Desert Mountain Energy has today (27th July) said it has mobilised the competition rig, additional testing equipment and associated personnel to undertake the completion and flow testing of its fourth wildcat well in British Columbia, Canada.
The announcement follows the helium exploration company earlier this month stating that it had encountered significant showing across four formations at the well.
On the latest development, Robert Rohlfing, CEO of Desert Mountain Energy, said, “We are pleased to be using some of the newest and most cutting-edge tools for the downhole completion portion of this well.”
“We look forward to expanding the application of these tools along with other completion equipment and improving the technological database.”
“The library of detailed information derived from our drilling programs will expand the company’s understanding of specific geological formational environments which produce helium.”
Proven vs Prospective reserves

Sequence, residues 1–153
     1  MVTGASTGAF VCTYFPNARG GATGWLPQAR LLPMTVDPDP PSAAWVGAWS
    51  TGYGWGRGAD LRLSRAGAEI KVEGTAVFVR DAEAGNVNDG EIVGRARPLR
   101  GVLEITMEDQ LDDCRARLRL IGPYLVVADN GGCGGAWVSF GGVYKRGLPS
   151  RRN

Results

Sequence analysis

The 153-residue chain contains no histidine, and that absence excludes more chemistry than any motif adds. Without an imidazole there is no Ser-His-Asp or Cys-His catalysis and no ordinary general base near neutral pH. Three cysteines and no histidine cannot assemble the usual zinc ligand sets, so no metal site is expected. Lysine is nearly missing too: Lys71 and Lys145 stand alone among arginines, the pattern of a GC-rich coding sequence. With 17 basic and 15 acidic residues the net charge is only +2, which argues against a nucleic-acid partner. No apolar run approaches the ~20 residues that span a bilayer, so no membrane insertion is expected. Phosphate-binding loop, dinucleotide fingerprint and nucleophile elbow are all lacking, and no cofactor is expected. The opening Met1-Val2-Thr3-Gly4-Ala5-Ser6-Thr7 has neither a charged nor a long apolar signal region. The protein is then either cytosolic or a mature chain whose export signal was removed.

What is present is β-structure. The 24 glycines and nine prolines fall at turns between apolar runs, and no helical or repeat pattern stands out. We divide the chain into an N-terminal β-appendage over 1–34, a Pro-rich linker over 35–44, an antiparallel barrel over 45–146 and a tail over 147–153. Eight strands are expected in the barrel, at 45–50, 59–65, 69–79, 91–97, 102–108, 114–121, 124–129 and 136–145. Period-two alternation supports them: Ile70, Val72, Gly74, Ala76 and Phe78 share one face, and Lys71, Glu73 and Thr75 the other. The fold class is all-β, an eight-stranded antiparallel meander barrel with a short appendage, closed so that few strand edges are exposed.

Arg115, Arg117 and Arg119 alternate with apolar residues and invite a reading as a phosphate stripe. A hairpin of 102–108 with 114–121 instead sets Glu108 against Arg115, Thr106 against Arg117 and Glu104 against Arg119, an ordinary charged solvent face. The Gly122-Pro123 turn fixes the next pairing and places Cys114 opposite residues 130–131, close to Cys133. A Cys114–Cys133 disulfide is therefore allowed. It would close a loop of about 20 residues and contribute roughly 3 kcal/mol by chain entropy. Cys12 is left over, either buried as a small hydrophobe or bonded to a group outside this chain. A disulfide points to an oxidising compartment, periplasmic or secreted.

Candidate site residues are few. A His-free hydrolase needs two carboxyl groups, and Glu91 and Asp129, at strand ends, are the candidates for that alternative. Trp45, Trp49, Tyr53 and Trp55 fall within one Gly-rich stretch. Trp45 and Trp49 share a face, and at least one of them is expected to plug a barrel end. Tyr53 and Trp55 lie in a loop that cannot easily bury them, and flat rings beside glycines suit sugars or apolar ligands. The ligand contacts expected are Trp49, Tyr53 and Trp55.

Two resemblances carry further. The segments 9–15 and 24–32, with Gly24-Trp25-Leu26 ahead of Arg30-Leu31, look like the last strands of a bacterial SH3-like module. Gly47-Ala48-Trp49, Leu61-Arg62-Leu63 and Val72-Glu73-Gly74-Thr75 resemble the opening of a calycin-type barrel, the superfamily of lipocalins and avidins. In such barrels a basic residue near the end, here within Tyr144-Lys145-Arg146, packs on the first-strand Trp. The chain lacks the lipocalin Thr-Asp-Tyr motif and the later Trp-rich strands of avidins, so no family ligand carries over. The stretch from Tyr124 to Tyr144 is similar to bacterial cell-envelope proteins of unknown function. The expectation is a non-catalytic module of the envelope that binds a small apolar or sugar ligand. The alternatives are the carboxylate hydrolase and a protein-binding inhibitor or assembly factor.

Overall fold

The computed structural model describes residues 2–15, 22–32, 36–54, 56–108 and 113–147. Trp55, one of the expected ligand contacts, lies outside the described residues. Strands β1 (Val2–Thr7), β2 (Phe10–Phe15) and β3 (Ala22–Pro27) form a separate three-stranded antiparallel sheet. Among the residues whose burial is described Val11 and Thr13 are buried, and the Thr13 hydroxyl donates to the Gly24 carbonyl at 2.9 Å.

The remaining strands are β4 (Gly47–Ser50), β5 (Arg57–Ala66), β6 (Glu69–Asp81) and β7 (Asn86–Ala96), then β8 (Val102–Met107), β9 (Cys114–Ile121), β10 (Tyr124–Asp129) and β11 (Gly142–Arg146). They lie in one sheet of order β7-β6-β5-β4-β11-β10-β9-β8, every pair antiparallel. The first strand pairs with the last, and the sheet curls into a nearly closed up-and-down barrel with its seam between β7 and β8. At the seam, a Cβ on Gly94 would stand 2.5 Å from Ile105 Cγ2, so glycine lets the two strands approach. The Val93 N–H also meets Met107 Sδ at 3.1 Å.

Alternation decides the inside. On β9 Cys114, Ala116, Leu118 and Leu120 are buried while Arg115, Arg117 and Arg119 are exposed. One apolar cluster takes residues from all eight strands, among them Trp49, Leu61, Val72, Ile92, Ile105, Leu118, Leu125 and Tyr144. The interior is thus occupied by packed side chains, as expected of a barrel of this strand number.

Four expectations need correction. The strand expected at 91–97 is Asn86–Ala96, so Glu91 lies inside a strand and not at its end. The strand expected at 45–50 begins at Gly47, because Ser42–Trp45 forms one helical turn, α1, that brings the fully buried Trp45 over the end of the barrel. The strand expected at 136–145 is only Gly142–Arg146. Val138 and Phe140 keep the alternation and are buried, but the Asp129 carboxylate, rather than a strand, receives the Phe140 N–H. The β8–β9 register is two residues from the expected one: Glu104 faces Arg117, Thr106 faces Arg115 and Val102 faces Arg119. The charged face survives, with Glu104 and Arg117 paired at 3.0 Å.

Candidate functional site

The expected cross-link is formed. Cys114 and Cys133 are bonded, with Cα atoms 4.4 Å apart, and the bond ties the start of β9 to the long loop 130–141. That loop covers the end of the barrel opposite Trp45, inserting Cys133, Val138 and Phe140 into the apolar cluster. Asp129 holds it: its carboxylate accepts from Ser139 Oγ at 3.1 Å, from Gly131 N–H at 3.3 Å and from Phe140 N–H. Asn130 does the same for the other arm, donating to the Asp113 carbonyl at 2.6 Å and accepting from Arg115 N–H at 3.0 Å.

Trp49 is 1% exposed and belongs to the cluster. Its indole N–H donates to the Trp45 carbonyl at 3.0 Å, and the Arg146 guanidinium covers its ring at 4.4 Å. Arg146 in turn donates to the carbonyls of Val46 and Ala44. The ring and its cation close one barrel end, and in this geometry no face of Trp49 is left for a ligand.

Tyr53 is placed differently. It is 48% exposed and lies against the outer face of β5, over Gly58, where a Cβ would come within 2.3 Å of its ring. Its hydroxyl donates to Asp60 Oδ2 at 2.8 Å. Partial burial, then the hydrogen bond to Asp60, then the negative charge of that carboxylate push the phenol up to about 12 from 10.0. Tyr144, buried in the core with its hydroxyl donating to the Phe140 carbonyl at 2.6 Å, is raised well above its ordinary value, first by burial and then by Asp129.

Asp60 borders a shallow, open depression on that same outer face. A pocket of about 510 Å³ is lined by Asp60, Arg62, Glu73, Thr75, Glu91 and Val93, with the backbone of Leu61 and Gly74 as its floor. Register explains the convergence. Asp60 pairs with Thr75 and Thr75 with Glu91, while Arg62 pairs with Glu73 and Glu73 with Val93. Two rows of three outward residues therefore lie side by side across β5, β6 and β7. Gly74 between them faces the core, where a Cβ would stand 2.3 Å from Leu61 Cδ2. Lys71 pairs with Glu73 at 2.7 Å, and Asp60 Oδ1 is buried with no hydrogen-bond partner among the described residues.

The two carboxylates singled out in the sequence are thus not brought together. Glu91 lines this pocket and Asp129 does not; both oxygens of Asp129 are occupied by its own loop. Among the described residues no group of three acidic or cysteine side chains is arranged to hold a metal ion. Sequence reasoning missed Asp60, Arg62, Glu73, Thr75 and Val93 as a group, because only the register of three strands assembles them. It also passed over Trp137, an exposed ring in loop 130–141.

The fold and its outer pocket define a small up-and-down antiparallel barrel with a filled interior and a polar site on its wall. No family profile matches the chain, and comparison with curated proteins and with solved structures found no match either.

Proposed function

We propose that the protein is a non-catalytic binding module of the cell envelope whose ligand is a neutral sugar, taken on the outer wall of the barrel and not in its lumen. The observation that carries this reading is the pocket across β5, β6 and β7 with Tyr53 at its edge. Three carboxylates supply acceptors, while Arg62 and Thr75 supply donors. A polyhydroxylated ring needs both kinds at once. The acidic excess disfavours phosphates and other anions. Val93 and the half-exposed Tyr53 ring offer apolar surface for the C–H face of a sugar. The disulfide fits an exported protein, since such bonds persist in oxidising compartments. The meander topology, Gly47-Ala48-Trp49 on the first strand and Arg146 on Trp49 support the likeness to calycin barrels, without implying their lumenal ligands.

There are many different terms and phrases to get accustomed to in the helium business, but few as significant as ‘proven’ and ‘prospective’ reserves when it comes to the future potential and validity of a helium project.
Statements often abound about the prospective reserves of a new helium discovery, while others will cite the proven reserves. So, what do they mean and what’s the difference?
Prospective Resource estimates are developed based on a set of assumptions provided to a geological consultant, assumptions which can be highly optimistic.
These figures can generate great scope for future capacities, but such estimates of prospective resources can and often are obtained before any drilling activity has even occurred at the site in question.
Proved Reserves, however, are considered almost definite. These are, as the name implies, proven and more precise than estimates alone. In fact, most investment decisions are based on something called ‘2P Reserves’ – which means Proved + Probable.
It is these proven reserves that are, therefore, often considered to be the realistic hallmark of a successful helium exploration project.